PULLMAN, Wash. — With 25 seconds to play in the third quarter Saturday, J.J. Stokes turned to Rob Walker and signaled thumbs up.
It was not an appraisal of Walker's play to that point, which had been erratic, nor of UCLA's situation. The Bruins seemed in the process of frittering away a lead.
Thumbs up meant Stokes believed he could get open deep. Walker went to him for a 43-yard touchdown pass play to help UCLA take control of a game that defied control and give the Bruins their seventh victory in a row, 40-27, over Washington State at Martin Stadium.
Walker was the quarterback because starter Wayne Cook was hospitalized for treatment of a bruised kidney, suffered on a hit by Signor Mobley 2 minutes 29 seconds into the game. Walker came in and went to Bryan Adams on a third-down pass for a first down. Cook returned, only to take another hit, by T.J Folkers, that drew a roughing-the-passer penalty.
A third hit, by DeWayne Patterson, put Cook out for good. Walker came in and passed to Stokes, who shed Torey Hunter's tackle for a 29-yard touchdown and a 14-0 lead.
It quickly got more difficult.
"We haven't given poor Rob Walker very many, if any, reps (in practice)," said UCLA Coach Terry Donahue, who added that Cook is expected to be recovered and ready for this week's game against Arizona State. "We have been just giving everything to Wayne. When you have to switch so abruptly like that, it's disconcerting to the poor athlete who has to do it and to your whole football team."
It seemed hardly disconcerting at all at first. Walker's passes to Stokes for eight and 15 yards on a drive to Bjorn Merten's field goal of 38 yards for a 17-0 lead seemed to indicate that only the personnel had changed in UCLA's offense. When that lead grew to 24-0 when Tommy Bennett returned a fumble 18 yards for a touchdown, many of the 34,987 on hand started a trek down the hill toward Dad's Day celebrations.
A 24-3 lead at halftime seemed safe enough. Then came the third quarter.
"Rob had his moments," Donahue said. "When he first started playing, he looked very good. But then Washington State (5-5 overall, 3-4 in the Pacific 10 Conference) switched the defense on us. He didn't have any experience throwing the plays that would work against the new defense. He wasn't confident with them.
"We had seen the second defense, but Rob had not seen a lot of it."
Walker, who had spent last week yelling at Arizona players from the Rose Bowl sideline, so much so that he drew a 15-yard bench penalty--"And I got chewed all the way from chancellor to head coach," he said--was the target of the Cougar defenders, who announced an intention to deal with him personally.
The new defense took away the short passes Walker had completed in the first half, and it was effective enough to limit him to three-of-15 passing in the third quarter.
"We got confused on a pass route and the receivers ran one route and I thought they were running another," Walker said. "It was one of those things of miscommunication, and then it snowballed into the next series. It was really a roller-coaster ride in the second half."
The dips were provided by Cougar defensive end Patterson, who stripped Walker of the ball on the Bruin 29 on UCLA's first play of the second half. Eight plays later, Delton Johnson rolled into the end zone from two yards out to cut the Bruins' lead to 24-10.
Inspired, Patterson got off the ground to swat the ball away from Walker again and recovered it to set up Aaron Price's 30-yard field goal to make the score 24-13.
The Bruins (7-2, 5-1) became cautious, keeping things on the ground until Stokes put his thumb in the air.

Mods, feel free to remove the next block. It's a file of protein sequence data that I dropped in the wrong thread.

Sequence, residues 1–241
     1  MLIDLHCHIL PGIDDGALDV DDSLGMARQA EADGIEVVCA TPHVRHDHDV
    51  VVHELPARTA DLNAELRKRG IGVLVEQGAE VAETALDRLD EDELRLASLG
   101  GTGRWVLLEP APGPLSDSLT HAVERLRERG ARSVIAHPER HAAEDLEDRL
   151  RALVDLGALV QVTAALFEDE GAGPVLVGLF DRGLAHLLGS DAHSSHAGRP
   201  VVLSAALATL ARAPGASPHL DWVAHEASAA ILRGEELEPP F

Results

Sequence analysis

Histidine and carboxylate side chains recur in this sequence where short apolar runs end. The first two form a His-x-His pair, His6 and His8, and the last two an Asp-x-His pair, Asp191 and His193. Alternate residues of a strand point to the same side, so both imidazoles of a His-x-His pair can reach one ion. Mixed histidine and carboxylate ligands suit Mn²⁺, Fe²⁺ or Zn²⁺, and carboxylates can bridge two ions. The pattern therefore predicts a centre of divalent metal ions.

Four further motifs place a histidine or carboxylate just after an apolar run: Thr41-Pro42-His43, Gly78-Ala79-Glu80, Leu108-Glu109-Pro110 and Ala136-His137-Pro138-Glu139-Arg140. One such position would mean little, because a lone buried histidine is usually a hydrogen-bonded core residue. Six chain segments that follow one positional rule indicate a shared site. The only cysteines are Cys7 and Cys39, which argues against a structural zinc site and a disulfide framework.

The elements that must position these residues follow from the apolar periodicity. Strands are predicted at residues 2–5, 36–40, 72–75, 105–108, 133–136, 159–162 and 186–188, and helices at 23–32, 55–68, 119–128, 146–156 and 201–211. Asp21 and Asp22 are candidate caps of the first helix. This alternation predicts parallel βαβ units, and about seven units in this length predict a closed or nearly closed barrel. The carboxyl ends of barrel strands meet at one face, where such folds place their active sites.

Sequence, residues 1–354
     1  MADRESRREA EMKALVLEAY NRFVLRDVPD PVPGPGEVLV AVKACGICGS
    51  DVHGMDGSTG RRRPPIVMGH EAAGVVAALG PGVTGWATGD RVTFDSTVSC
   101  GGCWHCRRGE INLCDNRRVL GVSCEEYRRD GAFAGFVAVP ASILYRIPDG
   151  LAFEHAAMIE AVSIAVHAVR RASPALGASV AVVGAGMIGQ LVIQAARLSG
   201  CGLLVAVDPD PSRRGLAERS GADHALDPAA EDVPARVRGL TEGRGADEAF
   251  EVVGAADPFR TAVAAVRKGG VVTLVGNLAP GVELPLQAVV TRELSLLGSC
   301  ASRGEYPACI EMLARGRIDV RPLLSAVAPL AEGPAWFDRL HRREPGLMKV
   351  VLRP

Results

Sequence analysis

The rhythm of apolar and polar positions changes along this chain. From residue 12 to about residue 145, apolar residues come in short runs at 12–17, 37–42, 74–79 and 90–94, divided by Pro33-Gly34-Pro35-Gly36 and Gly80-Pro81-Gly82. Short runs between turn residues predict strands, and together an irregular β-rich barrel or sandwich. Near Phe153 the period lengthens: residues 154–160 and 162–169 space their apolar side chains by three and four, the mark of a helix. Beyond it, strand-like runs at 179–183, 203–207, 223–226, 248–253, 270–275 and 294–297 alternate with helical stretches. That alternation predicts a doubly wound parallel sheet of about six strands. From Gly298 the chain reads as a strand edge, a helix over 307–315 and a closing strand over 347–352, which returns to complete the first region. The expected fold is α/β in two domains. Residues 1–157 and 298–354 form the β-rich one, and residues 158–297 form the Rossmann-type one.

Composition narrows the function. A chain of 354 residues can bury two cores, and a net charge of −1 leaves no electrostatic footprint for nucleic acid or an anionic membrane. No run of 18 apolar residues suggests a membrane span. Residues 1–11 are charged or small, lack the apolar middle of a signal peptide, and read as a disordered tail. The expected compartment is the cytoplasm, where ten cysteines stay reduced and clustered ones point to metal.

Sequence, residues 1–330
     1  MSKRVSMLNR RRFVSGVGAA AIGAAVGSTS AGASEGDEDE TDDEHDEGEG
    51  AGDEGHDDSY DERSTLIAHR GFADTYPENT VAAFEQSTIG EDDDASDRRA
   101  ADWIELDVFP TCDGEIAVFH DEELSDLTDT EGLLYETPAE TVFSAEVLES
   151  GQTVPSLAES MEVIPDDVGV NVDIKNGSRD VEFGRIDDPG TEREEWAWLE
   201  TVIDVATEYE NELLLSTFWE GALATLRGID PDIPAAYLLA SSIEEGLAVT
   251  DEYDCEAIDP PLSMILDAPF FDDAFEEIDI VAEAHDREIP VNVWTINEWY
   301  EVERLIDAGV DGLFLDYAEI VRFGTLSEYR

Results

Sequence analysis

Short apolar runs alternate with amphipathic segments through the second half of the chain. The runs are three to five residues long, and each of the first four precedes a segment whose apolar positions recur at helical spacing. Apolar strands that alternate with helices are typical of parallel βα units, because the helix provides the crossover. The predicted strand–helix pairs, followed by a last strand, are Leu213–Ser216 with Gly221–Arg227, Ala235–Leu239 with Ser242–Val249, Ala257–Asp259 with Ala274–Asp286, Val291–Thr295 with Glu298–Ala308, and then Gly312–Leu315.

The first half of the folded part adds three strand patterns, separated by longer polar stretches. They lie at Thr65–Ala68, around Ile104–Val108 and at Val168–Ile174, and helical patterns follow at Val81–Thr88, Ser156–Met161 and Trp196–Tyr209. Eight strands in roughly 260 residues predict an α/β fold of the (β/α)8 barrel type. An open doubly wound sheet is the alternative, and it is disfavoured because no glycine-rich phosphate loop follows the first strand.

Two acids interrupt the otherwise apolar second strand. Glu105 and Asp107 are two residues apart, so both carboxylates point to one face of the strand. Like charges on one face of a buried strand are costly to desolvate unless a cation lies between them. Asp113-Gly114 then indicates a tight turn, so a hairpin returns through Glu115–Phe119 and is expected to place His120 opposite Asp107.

Thumbs up, because Washington State's defense had no reason to be cautious.
"They were overplaying my out patterns," said Stokes, "and I signaled him I could go out and up and get open."
Safety John Rushing slipped on the play, and Stokes suddenly was as open as the Pullman skyline. It was his 16th touchdown reception of the season, one short of the Pac-10 record set by Washington's Mario Bailey in 1991.
"That touchdown pretty much cost us the game," Patterson said.
He tried to take it back himself. Gary Walton had sacked Derek Chapman, the Cougars' third quarterback, and caused a fumble at the Washington State six. Walker dropped back and threw toward fullback Daron Washington. Patterson anticipated the pass, leaped between Walker and Washington and batted the ball up, catching it with only 89 yards between himself, the goal line and cutting the UCLA lead to 31-21.
"It seemed like it took forever," Patterson said of his run. "It seemed like it was 160 yards."
It was another example of UCLA hurting itself.
"Washington State . . . wouldn't die and we kept bringing them back to life by doing things that ordinarily we hadn't done," Donahue said.
The Bruins had protected the ball well until last week. They fumbled twice against Arizona, then had the two fumbles and an interception on Saturday.
Donahue met with the defense on the sideline, challenging the players. "He said the game would fall in our laps," cornerback Carl Greenwood said. "It did."
A UCLA safety, caused when Chapman slipped in the end zone under pressure from Jamir Miller and Matt Werner, made the score 33-21 and seemed to restore order. Daron Washington's seven-yard touchdown run offered insurance and satisfaction. "I hadn't been in the end zone since the San Diego State game," Washington said.
For the Bruins, it was the first of three victories they need to take themselves to the Rose Bowl. "Now we get to stay home and play Round 2 and Round 3 of the elimination tournament," Donahue said.
Round 2 brings Arizona State on Saturday.
For Washington State, only a game against Washington remains. There will be no bowl for the Cougars. "I'd trade all that stuff I did (Saturday) in for a victory," Patterson said. "I know that it's going to be hard because we have to sit at home for Christmas."